“…As result of coordinated work, 31 schools have got water supply system, standard latrines are constructed for 21 schools, the water supply system has been maintained and latrines have been constructed in 4 health centers. Moreover, all MDA campaigns were successfully implemented, community level improved latrines were constructed, latrine slabs were produced, and more open defecation free and model kebeles (villages) have been created …” WASH focal, Shashengo district
Neglected tropical diseases (NTDs) pose a significant public health challenge in Ethiopia, with particularly high prevalence among impoverished communities lacking clean water, sanitation, and hygiene access (WASH). Until recently, the response to NTDs has been the use of preventive chemotherapy, however reinfection rates, due to continued exposure to unsafe WASH, have hindered progress in reaching elimination. For decades, WASH interventions have been largely planned outside of the health sector, with a lack of coordination between the WASH and health sectors resulting in reduced efficacy of interventions and prolonged disease prevalence.
Recognizing the need for a comprehensive approach, the Ethiopian government, in line with the World Health Organization’s (WHO) prioritization of improved coordination, embarked on a comprehensive strategy to address the high rates of NTDs in the country. Following the publication of the WHO’s WASH-NTD toolkit, which contained guidelines for coordination between the WASH and health sectors, Ethiopia was selected as one of four countries to test the toolkit. In 2017, NALA, supported by The END Fund and Sightsavers International, partnered with the Ethiopian Ministry of Health to support the piloting of the project with the development of the district-level toolkit and the cascading of trainings, followed by the national scale-up of the program in Ethiopia.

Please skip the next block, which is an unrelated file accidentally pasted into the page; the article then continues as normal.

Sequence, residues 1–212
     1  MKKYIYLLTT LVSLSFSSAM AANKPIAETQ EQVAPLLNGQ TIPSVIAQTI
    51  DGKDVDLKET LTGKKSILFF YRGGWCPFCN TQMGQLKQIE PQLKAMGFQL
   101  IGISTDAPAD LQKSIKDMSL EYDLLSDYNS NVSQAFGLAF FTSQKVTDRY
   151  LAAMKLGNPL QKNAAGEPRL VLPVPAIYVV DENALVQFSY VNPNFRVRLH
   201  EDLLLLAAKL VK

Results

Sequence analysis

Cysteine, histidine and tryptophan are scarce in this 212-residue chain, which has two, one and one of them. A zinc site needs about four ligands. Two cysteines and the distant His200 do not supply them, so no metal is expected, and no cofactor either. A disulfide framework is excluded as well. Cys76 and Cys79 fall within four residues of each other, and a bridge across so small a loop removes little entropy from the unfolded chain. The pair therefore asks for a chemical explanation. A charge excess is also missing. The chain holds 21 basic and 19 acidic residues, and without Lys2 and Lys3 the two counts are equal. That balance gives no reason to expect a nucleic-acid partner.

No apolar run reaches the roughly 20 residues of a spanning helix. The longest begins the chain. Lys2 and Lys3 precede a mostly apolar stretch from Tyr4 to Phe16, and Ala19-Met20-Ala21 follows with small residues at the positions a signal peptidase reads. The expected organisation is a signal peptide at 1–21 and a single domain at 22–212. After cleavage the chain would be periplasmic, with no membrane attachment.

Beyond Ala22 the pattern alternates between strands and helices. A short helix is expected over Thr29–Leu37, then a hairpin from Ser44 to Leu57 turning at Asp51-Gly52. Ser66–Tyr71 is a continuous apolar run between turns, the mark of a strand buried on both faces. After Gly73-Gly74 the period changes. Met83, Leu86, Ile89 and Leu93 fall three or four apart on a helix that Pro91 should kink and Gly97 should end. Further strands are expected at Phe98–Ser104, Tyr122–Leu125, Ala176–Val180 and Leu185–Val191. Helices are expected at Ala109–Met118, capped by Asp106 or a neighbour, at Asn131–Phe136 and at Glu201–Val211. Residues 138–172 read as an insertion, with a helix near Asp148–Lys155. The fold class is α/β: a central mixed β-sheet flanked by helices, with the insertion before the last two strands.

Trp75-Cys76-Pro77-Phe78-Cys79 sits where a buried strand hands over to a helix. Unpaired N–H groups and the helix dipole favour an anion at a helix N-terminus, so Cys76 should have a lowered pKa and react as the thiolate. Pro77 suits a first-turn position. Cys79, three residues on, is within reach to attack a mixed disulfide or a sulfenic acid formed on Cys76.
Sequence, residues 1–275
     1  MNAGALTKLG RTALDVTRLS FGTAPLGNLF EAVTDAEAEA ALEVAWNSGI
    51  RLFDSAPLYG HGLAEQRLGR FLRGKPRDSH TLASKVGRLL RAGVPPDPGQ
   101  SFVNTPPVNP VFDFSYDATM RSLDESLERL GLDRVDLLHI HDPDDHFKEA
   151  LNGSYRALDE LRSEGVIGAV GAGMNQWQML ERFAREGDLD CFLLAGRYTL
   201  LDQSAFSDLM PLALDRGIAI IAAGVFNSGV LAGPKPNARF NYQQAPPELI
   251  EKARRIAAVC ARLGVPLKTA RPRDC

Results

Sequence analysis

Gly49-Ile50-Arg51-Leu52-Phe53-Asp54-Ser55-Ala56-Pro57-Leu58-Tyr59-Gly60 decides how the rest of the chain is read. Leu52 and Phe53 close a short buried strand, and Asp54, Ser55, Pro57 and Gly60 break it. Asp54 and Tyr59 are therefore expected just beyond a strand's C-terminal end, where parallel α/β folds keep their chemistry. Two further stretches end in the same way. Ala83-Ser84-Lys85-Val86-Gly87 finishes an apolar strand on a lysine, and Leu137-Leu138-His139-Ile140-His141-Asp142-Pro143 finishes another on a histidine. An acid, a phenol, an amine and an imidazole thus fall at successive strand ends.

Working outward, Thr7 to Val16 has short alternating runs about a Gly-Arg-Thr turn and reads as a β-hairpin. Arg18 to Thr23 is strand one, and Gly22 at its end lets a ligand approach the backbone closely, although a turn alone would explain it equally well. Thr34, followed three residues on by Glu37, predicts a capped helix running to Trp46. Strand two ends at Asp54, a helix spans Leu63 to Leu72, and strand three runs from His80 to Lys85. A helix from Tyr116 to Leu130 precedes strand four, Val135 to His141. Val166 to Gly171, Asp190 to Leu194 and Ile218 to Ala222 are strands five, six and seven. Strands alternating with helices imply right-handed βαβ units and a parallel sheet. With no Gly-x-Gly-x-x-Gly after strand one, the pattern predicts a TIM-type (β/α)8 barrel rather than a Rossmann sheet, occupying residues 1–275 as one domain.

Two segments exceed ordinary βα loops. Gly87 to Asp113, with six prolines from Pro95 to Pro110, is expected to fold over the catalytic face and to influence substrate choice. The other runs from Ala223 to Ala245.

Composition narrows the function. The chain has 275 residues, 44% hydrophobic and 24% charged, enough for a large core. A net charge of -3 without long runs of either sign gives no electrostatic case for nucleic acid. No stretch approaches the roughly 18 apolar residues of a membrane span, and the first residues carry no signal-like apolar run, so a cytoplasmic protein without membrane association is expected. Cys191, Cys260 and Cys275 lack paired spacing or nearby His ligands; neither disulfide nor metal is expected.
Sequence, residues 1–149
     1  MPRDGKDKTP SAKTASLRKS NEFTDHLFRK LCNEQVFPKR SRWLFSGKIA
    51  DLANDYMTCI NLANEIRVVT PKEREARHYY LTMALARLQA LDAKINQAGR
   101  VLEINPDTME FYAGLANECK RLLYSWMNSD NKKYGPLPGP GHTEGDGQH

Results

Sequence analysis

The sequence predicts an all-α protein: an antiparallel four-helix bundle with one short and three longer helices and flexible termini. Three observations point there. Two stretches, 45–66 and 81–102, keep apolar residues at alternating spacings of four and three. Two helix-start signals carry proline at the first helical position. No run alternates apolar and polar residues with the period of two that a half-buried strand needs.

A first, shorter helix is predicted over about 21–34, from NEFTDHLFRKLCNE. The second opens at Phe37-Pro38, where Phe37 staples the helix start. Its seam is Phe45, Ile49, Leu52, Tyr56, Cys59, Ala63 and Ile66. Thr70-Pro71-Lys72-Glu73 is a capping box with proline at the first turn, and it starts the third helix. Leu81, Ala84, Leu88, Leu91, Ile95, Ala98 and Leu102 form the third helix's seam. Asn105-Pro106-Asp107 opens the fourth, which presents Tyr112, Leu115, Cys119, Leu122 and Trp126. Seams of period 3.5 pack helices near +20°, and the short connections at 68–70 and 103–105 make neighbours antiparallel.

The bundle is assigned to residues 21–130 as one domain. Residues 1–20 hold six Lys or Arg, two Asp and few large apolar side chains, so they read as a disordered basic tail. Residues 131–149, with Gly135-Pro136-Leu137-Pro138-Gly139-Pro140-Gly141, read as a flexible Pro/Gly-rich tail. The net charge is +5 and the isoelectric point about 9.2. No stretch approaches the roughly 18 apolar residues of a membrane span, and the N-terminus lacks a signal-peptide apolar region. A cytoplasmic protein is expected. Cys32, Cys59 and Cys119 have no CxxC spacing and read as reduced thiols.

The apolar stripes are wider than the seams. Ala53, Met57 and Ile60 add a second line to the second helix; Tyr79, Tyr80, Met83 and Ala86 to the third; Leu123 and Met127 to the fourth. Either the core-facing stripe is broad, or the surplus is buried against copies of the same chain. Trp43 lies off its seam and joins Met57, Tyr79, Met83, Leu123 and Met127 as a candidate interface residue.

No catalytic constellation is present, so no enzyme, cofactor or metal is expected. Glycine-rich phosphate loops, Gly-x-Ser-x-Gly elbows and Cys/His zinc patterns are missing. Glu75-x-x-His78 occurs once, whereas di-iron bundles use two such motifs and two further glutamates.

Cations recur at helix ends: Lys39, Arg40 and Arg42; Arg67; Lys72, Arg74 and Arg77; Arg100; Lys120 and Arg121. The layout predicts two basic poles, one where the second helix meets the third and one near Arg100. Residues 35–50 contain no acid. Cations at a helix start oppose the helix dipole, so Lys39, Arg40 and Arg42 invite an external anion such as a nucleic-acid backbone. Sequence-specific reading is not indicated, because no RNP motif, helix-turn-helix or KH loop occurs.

Interrupted in 2020 by the coronavirus pandemic, NALA launched online WASH-NTD coordination training in place of in-person meetings, enabling the project to reach NGOs and government officials beyond pilot areas. So successful was the online training, that the Ethiopian Ministry of Health requested a second course be designed by NALA for the DHIS2 (District Health Information Software) data system training, which was launched in 2022. To date, over 240 people have enrolled across the two courses with an average passing score of 95%.
Since the piloting of the project in 2018, the toolkit has been implemented in over 400 districts in Ethiopia, across 40 zones, reaching 8 out of 11 regions. Ethiopia’s commitment to multisectoral collaboration has significantly advanced efforts to combat NTDs, with the integration of WASH and health interventions enhancing the effectiveness and sustainability of disease elimination initiatives. The implementation of multisectoral coordination has facilitated joint planning, optimized resource utilization, and fostered informed decision making. As the fight against NTDs continues, Ethiopia’s innovative approach stands as a testament to the power of multisectoral collaboration in achieving transformative public health outcomes.